This week brought good news for progressives who protested Boston’s Straight Pride Parade: an appeals court has overruled a judge who came down hard on activists.
Last week, Suffolk County District Attorney Rachael Rollins told a court that most of the LGBTQ+ people and allies who protested the Aug. 30 event should be released, since their actions weren’t sufficiently disruptive to warrant prosecution. Thirty-six people were arrested at the Straight Pride gathering, which was reportedly linked to white nationalist groups.
But Boston Municipal Court Judge Richard Sinnott refused to listen to Rollins’ requests, upholding all charges and imposing bail. He also jailed an attorney attempting to defend activists who rallied against the event.
The Massachusetts’ Supreme Judicial Court stepped in Monday, claiming Sinnott “had no authority” to override the District Attorney’s office. In response to an emergency petition filed by Rollins to the state’s high court, Supreme Judicial Court Justice Frank Gaziano ruled that Sinnott “violated the Commonwealth’s constitutional rights” and “the Massachusetts Declaration of Rights and infringed upon the separation of powers enshrined within.”
“The prosecutor's sole authority to determine which cases to prosecute and when not to pursue a prosecution,” Gaziano added, “has been affirmed repeatedly by this court since the beginning of the nineteenth century.”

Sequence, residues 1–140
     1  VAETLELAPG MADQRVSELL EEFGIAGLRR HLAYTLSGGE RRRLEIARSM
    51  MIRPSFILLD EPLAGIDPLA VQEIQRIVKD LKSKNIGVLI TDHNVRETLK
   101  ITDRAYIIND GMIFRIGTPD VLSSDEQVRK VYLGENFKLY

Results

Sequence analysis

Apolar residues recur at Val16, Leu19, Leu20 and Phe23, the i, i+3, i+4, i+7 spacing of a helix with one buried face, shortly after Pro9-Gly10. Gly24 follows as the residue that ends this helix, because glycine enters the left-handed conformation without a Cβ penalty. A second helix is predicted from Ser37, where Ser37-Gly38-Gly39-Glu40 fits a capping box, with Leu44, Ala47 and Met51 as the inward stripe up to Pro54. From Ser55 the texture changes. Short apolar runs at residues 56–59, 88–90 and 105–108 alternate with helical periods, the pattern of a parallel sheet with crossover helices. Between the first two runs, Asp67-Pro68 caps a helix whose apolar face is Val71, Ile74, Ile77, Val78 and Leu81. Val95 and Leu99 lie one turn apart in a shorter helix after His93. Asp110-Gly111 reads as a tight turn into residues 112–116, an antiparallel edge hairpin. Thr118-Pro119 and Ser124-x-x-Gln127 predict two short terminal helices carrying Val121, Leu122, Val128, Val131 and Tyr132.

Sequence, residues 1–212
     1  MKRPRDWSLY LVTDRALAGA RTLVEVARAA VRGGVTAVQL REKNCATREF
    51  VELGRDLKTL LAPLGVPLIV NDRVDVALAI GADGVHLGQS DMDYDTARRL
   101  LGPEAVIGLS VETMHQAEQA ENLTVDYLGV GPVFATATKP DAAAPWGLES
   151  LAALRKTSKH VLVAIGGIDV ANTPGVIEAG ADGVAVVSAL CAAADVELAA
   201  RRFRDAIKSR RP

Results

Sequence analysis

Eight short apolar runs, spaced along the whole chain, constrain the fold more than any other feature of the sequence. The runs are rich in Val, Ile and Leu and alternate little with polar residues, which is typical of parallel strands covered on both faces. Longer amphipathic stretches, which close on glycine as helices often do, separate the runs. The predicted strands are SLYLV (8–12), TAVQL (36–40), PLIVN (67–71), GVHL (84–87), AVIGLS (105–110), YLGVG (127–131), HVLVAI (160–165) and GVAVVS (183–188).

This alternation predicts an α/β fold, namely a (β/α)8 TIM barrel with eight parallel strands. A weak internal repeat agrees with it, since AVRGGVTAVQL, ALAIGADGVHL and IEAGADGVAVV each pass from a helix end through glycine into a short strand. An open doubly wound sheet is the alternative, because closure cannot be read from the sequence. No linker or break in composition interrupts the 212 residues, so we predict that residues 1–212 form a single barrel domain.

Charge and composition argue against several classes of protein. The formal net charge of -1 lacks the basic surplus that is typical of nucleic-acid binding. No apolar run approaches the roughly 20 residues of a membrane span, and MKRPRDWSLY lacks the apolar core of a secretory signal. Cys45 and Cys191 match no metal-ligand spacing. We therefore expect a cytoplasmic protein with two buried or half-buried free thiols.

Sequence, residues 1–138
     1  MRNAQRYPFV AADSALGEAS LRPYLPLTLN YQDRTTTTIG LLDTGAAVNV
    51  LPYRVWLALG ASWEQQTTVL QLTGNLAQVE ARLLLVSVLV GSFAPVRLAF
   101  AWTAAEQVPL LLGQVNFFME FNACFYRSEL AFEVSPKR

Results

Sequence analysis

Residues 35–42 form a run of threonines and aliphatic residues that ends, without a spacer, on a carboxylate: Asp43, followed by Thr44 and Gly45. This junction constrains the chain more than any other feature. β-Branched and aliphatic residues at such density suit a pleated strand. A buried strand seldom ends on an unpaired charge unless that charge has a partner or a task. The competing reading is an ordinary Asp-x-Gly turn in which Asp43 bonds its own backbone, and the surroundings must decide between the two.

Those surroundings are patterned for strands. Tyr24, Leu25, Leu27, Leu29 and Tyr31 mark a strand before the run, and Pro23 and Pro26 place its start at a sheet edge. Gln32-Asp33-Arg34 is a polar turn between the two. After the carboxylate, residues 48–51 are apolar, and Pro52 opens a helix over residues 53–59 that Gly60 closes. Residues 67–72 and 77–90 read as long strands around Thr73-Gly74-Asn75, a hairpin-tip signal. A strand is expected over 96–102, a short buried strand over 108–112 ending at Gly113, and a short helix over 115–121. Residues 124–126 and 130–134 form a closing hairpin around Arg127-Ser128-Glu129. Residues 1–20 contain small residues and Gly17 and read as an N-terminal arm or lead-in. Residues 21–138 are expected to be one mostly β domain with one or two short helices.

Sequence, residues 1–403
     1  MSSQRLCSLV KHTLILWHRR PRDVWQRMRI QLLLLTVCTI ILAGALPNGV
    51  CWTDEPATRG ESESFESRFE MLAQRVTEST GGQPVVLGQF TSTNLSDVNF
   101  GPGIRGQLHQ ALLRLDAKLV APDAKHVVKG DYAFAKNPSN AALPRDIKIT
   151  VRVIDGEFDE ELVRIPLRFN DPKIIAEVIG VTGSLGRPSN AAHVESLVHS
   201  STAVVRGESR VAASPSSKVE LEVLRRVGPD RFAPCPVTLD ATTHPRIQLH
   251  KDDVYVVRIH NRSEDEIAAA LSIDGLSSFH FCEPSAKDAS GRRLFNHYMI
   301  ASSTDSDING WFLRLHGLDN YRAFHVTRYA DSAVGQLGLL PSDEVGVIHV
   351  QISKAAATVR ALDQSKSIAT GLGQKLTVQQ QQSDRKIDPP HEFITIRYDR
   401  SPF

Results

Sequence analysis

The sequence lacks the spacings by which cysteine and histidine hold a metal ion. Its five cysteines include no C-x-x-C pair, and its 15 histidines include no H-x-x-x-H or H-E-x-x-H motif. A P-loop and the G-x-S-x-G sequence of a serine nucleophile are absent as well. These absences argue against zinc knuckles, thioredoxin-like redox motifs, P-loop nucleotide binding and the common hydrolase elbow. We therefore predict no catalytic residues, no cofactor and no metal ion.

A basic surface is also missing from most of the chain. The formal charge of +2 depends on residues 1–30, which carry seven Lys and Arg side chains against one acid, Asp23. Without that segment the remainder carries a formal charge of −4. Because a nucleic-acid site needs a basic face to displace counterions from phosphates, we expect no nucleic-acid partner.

That’s a big victory not only for the protestors but also for Rollins, who has pursued a more progressive strategy of criminal justice, opting for more effective interventions like restorative justice over incarceration. The District Attorney sought community service for many of those arrested during a clash between activists and police.
Prosecutors in cities like Baltimore, Chicago, and Philadelphia have been experimenting with similar tactics in recent years, hoping to break the prison pipeline that disproportionately targets LGBTQ+ people, people of color, and low-income individuals.
Although Rollins called the ordeal “a colossal waste of time” in comments reported by the Boston Herald, she said there was now clarity about judges’ authority to overrule prosecutors.
This doesn’t mean that everyone can go free, however. Of the three dozen protestors arrested, eight will still face prosecution, including four accused of assaulting police officers. The District Attorney’s office has remained vigilant about pursuing charges against violent offenders.